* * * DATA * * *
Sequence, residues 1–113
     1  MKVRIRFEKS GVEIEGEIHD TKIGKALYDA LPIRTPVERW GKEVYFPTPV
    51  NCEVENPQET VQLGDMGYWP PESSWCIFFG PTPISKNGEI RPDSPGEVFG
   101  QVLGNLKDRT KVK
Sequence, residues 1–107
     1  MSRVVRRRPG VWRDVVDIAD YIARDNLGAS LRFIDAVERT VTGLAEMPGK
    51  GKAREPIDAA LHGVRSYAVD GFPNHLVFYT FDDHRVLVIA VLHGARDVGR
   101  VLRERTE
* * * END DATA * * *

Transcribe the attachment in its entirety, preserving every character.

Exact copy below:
Sequence, residues 1–113
     1  MKVRIRFEKS GVEIEGEIHD TKIGKALYDA LPIRTPVERW GKEVYFPTPV
    51  NCEVENPQET VQLGDMGYWP PESSWCIFFG PTPISKNGEI RPDSPGEVFG
   101  QVLGNLKDRT KVK
Sequence, residues 1–107
     1  MSRVVRRRPG VWRDVVDIAD YIARDNLGAS LRFIDAVERT VTGLAEMPGK
    51  GKAREPIDAA LHGVRSYAVD GFPNHLVFYT FDDHRVLVIA VLHGARDVGR
   101  VLRERTE